Heorhii Narbut is one of the most iconic figures in the history of Ukrainian design
Born in a small village outside of Hlukhiv in eastern Ukraine, Narbut was attracted to art from a very young age and started by cutting patterns out of paper and sculpting dough. During his school years, he was far more interested in copying ancient fonts from old books than in studying itself. This love of nature and Ukrainian history that he developed in childhood later defined his artistic style.
After school, Narbut went to St. Petersburg—then the art capital of the Russian empire. There he was quickly got recognized inforrecognition in book design and illustration. Another important part of his artistic personality came from his work in Munich. Fascinated by Dürer’s graphics work, he later trained to achieve the perfection of old German style of cross-hatching.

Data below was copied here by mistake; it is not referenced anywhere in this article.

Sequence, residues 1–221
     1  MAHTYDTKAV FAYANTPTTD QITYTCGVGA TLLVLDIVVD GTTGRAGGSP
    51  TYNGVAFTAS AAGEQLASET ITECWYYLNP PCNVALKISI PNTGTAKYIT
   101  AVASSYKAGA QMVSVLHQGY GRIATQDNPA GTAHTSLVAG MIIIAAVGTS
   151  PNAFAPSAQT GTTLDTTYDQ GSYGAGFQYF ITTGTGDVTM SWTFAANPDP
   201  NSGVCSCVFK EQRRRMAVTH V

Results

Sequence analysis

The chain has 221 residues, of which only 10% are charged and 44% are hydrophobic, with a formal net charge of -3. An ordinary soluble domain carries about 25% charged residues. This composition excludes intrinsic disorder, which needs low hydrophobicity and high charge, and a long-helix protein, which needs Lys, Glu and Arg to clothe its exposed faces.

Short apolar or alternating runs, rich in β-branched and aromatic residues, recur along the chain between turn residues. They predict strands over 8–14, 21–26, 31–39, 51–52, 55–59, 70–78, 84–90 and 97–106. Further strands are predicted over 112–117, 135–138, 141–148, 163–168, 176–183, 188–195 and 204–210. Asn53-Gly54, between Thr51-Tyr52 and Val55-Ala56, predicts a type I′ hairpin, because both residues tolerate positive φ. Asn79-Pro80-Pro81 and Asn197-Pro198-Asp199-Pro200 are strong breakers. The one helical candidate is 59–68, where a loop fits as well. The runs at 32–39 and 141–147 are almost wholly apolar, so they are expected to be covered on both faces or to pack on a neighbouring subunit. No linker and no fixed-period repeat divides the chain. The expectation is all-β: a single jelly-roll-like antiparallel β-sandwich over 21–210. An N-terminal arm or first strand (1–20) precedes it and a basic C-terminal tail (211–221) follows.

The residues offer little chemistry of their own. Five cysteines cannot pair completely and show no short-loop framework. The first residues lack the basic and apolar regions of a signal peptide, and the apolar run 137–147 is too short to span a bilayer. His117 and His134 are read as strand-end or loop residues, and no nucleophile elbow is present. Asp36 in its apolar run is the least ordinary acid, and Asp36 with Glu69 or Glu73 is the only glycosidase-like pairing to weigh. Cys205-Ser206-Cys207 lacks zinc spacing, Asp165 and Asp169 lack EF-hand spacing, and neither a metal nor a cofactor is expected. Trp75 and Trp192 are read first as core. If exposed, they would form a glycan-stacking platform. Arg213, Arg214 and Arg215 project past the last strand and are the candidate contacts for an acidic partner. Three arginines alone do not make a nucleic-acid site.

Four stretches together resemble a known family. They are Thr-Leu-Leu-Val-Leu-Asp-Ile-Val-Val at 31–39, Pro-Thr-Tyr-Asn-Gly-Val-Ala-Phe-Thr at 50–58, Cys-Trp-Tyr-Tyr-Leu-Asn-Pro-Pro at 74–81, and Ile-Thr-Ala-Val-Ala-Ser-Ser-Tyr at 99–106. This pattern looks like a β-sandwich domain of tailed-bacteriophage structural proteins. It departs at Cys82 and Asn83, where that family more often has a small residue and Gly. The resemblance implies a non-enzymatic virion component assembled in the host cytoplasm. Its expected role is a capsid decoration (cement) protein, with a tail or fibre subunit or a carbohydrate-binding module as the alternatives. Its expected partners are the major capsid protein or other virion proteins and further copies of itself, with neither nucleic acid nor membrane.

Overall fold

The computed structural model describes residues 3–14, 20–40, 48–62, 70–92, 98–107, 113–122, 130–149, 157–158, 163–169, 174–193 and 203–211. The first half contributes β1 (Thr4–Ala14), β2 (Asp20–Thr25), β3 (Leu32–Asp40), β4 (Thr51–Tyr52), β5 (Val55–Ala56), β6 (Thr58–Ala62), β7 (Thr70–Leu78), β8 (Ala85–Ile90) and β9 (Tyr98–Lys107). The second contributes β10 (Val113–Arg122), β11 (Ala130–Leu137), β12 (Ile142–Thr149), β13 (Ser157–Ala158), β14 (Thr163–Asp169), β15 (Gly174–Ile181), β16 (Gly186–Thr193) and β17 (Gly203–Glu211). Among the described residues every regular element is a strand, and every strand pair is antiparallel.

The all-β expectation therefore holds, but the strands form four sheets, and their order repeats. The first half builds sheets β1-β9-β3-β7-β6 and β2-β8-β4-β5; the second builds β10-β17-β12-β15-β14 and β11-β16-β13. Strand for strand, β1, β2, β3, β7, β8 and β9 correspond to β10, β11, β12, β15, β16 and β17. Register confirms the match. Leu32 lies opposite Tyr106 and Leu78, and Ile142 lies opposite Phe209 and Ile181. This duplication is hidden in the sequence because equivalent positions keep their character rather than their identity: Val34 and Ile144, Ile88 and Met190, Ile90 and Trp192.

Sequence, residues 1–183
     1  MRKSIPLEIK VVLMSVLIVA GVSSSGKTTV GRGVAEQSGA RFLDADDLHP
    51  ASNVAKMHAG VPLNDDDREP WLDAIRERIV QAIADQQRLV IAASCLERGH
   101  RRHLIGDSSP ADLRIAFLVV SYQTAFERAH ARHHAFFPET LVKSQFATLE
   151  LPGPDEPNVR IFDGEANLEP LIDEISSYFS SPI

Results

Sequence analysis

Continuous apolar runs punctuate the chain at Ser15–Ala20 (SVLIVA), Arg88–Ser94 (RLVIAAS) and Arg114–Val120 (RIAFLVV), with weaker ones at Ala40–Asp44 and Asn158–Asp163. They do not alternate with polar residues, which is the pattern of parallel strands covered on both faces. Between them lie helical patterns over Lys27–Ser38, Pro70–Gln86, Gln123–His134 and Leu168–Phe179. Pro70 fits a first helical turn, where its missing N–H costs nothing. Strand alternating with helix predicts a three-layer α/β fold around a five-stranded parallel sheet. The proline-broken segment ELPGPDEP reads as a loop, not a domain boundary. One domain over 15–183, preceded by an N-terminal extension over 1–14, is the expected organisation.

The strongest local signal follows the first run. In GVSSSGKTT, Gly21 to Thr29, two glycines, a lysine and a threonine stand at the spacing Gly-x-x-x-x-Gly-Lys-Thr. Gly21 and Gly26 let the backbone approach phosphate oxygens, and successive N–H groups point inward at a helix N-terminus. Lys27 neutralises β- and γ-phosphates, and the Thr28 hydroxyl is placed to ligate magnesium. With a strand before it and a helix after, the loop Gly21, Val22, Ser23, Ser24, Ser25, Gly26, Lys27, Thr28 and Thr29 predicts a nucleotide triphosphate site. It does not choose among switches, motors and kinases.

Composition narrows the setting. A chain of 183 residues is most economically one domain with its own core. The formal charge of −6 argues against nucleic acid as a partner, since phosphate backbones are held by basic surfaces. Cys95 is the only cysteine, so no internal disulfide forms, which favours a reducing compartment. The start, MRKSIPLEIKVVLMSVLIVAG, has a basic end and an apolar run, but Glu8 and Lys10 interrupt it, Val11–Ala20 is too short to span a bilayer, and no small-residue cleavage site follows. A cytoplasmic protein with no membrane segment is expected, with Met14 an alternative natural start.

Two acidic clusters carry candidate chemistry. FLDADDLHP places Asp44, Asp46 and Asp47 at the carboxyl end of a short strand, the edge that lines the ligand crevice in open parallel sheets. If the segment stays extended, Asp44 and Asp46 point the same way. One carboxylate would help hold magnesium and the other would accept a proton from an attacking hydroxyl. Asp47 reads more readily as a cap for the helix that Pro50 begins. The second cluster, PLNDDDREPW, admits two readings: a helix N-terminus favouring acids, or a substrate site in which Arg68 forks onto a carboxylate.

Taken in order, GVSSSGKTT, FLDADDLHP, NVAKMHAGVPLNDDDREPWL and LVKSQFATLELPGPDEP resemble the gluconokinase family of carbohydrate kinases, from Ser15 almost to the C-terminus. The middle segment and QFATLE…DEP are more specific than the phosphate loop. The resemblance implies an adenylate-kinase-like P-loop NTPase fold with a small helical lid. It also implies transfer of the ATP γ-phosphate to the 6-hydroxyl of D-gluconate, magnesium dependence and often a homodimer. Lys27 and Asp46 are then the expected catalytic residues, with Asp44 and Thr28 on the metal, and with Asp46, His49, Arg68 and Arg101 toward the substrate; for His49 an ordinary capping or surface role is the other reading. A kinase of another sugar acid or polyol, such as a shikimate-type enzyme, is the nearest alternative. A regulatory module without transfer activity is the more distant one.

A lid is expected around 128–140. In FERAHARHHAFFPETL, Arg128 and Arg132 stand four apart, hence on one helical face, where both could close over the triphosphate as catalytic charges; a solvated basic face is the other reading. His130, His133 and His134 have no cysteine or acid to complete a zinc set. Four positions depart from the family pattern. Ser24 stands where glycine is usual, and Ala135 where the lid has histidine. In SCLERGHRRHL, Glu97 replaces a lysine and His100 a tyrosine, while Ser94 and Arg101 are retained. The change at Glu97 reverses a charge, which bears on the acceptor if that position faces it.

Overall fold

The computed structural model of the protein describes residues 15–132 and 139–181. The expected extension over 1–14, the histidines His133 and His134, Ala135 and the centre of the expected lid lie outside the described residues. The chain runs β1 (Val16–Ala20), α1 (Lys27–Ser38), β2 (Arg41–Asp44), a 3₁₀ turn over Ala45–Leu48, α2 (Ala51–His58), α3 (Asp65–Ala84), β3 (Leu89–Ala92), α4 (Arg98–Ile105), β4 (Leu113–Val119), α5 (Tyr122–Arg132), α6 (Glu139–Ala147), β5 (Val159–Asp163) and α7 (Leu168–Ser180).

In 1917, when the Russian Revolution started, Narbut moved to Kyiv with his wife and children, fueled by patriotism. He was offered a professorship at the recently founded Ukrainian Academy of Arts, which was to be the first art academy in independent Ukraine.
Narbut immersed himself in his work—teaching, supporting the academy, doing print design, and creating symbols for the new state. He sought for inspiration for his new visual style in Cossack history, the scripts in ancient manuscripts, ethnic dress, and Ukrainian artisan glass, adorning his graphics with his signature ornaments.
These experiments in art took place against the violent background of constant war and changing governments. The Academy lost its funding and Narbut, by then its president, moved its facilities into apartments bought with donations; his own apartment became the graphics workshop.
Soon after, Narbut fell ill and died in 1920. An almanac of articles dedicated to his work was destroyed in the wave of Soviet repressions of the 1930s. Still, his legacy lives on and inspires various generations of Ukrainian artists and designers